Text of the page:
Anyone with half a brain can see that the once-maligned hippies were right about too many things to list. When Vogue magazine produced a Woodstock travel guide in 2014, noting that "tie-dye is back, from the runway to home décor," locals were unsurprised. Tie dye, around here, never went away.
The Most Famous Small Town in the World flies its peace signs with pride. A casual observer might be forgiven for thinking this place is resting on its hippie laurels, stuck in time. But quirky, iconic Woodstock, home of high-end creative pyrotechnics for well over a century, gifted and burdened with the legacy of the Iconic Concert that Wasn't There, continues to grow into all that mojo through a constant stream of reinvention.
Counterculture is culture here, a regal generational inheritance. Icon Levon Helm's daughter Amy, all over the mainstream media with the July release of her solo debut album, Didn't It Rain, thanked three parents: the legendary Levon, stepfather Donald Fagen of Steely Dan, and singer-songwriter mom Libby Titus, the woman who loved them both.
Another local imp, Daisy Kramer Bolle, grew up learning fine apparel as the daughter of Woodstock retail rock stars and honed her stylist chops in Los Angeles and St. Tropez before moving to Saugerties, declaring it the "New Riviera," and launching Dig, her upscale boutique. Dig the Shop is currently starring as a location in I Dream Too Much, a well-received indie unveiled at the Manhattan Film Festival; Danielle Brooks of "Orange is the New Black" makes her cinema debut therein as a Dig shop girl.
Plainly, the creativity deities who rained down blessings upon Woodstock didn't let up as they headed east to Saugerties. The combination of world-class HITS horse shows and a steady stream of shout-outs from Jimmy Fallon may have put this town on the map, but stellar good times keep it there. Separated from its famous neighbor by a scenic 10-mile stretch of highway 212 that has attained a vibrancy all its own as "Saugerstock," Ulster County's other north star is also risen, but by no means an also-ran.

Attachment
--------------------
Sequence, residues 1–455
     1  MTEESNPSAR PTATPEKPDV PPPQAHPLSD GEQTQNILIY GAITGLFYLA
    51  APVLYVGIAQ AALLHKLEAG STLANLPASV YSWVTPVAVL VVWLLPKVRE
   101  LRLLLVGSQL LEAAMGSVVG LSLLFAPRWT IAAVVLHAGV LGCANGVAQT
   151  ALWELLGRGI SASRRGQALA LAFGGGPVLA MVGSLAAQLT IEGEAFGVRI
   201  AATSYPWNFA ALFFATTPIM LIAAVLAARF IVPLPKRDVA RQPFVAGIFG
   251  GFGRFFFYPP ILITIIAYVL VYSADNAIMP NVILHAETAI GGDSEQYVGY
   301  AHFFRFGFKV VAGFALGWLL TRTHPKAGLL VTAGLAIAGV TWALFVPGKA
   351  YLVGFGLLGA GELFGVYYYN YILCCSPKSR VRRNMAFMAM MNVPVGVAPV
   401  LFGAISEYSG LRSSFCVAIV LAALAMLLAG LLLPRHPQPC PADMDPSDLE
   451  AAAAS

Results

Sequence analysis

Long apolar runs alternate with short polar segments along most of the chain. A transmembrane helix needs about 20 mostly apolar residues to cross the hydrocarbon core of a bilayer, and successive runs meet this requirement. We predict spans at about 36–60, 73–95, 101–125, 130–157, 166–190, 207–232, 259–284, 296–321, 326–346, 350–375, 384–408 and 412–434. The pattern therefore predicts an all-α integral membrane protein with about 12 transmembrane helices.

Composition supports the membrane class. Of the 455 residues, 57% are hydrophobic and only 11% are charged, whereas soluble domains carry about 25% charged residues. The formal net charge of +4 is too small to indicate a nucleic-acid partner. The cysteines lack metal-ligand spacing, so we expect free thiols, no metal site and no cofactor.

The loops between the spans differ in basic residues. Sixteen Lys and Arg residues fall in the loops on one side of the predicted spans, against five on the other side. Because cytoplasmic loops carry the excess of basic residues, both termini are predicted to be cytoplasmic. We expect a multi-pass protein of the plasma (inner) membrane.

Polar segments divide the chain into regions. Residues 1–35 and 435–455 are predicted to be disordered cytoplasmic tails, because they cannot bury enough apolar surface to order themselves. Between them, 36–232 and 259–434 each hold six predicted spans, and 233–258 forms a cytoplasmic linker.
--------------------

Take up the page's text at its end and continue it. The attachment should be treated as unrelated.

Overspill is ubiquitous: the Orpheum in Saugerties has been part of the Woodstock Film Festival since 2013, and WDST Radio Woodstock sited their inaugural Craft Brew Boogaloo at Saugerties' Cantine Field this year. "I grew up here when this was the antiques capital, back in the `70s and `80s," says Marjorie Block, who's worked painting Chagalls and Renoirs on wax for Candlestock in Woodstock for several decades and manages both tourism and the historical society in Saugerties. "It's always had magnetism, but it's different now: gluten-free pizza, brilliant small boutiques. Lots of young people. HITS was a springboard, but the growth has just snowballed."
Only a town with its own devotion to art, Block points out, would disassemble and reassemble a Dutch barn as a gallery and event space behind its historical museum. Or repurpose a former factory as the Saugerties Performing Arts Center. There are studio tours (Saugerties Artists' Studio Tour August 16-18, see page 106) and sunset concerts, a thriving farmers' market, and an upscale B&B in the restored 1869 lighthouse. "The Food Truck Festival [at Cantine Field] is monthly," says Block, "and you can't get a parking spot on First Fridays lately."